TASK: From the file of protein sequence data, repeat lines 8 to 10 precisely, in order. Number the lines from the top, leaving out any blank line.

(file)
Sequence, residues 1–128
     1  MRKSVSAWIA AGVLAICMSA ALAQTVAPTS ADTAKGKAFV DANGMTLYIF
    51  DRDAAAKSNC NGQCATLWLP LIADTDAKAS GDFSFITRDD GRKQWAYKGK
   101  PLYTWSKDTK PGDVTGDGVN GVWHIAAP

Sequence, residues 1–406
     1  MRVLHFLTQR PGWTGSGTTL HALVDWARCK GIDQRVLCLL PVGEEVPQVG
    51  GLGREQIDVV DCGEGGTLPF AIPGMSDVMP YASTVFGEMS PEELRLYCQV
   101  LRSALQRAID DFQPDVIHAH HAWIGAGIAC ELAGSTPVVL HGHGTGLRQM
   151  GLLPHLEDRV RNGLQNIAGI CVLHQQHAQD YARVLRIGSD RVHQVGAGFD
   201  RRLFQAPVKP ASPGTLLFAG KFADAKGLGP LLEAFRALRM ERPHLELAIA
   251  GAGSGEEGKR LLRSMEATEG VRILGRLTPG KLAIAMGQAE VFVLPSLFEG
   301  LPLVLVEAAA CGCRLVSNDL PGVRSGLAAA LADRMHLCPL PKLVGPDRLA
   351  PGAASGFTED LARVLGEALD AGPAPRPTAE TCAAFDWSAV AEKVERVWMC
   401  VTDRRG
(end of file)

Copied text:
   101  LRSALQRAID DFQPDVIHAH HAWIGAGIAC ELAGSTPVVL HGHGTGLRQM
   151  GLLPHLEDRV RNGLQNIAGI CVLHQQHAQD YARVLRIGSD RVHQVGAGFD
   201  RRLFQAPVKP ASPGTLLFAG KFADAKGLGP LLEAFRALRM ERPHLELAIA